I hear the word “grace” used a lot by church people in singing and Bible readings. What is grace and how is it different from faith?
Bill Warren responds:
One of the best-known passages on “grace” and “faith” is Ephesians 2:8-9: For by means of grace you have been saved, through faith. And this is not from you – the gift is from God. Not from works, so that no one should boast. Grace is the reason salvation is even possible, for the possibility of salvation is a gift from God and not due to anything done by us that would obligate God to give it to us.
A primary context for understanding “grace” in the New Testament is the Greco-Roman society where “patrons,” those higher up the social ladder, sought to have “clients” from those below them. The patrons bestowed increased social standing, social access, and even material bene-fits on their clients, thereby providing things that were beyond the reach of the clients otherwise. In return, the clients showed their gratitude by being faithful to their patrons. This included speaking well about them in all settings, acting in their daily life in ways that reflected well on their patrons by being upright in their character and relationships, and being present at public activities to support their patrons.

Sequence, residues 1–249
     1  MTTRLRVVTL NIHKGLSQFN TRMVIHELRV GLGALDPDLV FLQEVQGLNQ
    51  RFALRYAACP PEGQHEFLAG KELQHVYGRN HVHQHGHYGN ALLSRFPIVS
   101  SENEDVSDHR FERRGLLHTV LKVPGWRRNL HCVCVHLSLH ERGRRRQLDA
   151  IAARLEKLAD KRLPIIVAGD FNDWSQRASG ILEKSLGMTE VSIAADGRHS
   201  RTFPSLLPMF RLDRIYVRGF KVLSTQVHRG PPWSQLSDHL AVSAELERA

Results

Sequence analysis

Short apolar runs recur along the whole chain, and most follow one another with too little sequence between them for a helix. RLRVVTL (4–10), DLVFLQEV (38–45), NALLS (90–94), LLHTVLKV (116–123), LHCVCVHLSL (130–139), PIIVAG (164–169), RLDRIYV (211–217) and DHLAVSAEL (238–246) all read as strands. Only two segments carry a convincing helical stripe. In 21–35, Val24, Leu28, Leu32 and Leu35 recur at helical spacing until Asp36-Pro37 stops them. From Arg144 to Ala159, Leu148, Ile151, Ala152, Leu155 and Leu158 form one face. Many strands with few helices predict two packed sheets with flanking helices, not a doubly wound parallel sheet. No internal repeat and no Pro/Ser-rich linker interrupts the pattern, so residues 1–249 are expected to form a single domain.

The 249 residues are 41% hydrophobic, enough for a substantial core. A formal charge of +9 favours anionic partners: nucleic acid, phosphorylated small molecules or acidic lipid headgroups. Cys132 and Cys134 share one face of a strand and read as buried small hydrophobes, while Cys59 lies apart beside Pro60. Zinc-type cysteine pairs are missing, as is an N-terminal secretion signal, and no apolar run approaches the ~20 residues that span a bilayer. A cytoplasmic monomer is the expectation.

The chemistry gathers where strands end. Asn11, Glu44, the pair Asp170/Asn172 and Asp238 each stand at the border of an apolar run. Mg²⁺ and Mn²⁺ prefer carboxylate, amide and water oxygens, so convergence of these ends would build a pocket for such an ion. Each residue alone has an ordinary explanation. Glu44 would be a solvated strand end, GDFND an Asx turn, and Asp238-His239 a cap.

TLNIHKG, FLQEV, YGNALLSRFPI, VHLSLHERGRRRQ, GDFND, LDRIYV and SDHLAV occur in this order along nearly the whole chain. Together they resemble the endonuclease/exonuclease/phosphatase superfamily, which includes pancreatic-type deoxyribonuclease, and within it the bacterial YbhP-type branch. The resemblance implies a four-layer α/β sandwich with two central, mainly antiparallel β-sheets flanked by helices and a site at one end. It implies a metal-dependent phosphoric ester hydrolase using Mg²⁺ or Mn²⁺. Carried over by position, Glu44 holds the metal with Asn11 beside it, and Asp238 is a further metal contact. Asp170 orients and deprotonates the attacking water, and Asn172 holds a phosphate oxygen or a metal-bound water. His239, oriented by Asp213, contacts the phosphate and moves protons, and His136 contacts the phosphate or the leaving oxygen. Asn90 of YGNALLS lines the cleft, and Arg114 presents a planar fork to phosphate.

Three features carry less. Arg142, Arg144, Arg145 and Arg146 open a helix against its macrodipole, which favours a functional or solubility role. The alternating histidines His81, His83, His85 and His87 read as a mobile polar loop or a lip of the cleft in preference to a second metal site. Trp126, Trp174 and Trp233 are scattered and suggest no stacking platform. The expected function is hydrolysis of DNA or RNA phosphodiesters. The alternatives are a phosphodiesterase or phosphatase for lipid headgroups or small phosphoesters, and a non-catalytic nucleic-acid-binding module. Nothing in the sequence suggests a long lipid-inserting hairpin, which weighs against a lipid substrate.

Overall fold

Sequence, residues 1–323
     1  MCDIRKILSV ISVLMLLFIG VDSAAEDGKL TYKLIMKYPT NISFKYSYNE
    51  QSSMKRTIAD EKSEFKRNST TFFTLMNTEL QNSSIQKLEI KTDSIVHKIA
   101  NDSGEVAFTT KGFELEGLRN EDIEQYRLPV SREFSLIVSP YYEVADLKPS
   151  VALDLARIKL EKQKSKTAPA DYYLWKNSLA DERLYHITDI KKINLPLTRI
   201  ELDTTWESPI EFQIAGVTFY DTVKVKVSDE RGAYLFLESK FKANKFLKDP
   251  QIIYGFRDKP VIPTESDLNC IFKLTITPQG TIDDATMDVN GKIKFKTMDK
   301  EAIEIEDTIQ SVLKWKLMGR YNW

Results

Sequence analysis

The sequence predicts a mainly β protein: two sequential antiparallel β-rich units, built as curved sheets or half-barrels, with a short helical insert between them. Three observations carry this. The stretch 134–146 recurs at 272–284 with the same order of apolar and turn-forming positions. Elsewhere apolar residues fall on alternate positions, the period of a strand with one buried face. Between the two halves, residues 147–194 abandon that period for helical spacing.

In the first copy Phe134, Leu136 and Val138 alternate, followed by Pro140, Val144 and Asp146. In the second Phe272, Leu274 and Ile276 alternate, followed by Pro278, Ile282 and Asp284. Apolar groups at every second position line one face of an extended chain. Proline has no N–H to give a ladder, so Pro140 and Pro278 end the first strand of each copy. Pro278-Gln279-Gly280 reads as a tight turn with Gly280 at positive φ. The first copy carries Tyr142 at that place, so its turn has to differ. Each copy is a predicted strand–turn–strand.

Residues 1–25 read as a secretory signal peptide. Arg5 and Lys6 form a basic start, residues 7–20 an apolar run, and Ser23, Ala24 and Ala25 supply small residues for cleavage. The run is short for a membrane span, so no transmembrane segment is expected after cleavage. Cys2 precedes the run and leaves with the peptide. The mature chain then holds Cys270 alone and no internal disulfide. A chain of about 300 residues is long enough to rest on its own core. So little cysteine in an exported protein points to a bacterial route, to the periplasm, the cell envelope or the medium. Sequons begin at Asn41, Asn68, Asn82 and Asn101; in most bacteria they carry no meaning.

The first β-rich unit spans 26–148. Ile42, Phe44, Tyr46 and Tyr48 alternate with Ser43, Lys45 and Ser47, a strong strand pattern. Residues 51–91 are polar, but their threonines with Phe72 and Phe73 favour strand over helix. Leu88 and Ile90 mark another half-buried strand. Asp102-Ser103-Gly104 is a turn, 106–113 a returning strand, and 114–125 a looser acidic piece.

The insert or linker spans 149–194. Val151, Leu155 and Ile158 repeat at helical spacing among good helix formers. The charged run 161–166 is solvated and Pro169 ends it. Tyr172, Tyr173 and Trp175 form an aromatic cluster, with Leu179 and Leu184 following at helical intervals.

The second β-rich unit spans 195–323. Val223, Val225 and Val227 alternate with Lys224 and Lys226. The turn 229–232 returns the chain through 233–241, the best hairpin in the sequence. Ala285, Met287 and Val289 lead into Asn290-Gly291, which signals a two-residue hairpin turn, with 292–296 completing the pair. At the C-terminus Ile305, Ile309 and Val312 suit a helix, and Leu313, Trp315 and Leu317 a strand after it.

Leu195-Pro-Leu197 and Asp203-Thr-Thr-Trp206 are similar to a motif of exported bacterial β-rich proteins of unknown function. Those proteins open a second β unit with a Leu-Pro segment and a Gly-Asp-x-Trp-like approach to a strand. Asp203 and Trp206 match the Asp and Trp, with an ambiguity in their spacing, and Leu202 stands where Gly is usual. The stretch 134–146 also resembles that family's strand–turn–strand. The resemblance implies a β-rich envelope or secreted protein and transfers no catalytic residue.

In the NT, “grace” is a reference to the benevolent attitude and gifts given by God to us in Christ (the mediator between our patron God and ourselves as His clients). Without any obligation to do so, God has graciously decided to be our God and give us love, mercy, forgiveness, and salvation. Whereas normally the clients would even die to protect the honor and show their loyalty to their patron, the opposite occurs with our God: Jesus dies for us! God is the ultimate patron worthy of our loyalty, upright always in character, and worthy of our allegiance (worship). So grace originates with God, while faith is our response to God’s grace.
We show our thankfulness for God’s grace and offer to be our patron by accepting Him as such (turning to Christ as our Lord and Savior). Our faith response means that we pledge to be faithful to God in Christ (the content of faith), accepting God’s place in our lives and agreeing to fulfill our role as “clients” under the lordship of Christ (the action part of faith), thereby not following any other false gods or ungodly desires or lifestyles (other patrons, since a client should only have one supreme patron). This is the faith response that God merits and desires from all of us.
Bill Warren Ph.D. is NOBTS professor of New Testament and Greek in the Landrum P. Leavell, II, Chair of NT Studies, and Founding Director of NOBTS’ H. Milton Haggard Center of New Testament Textual Studies.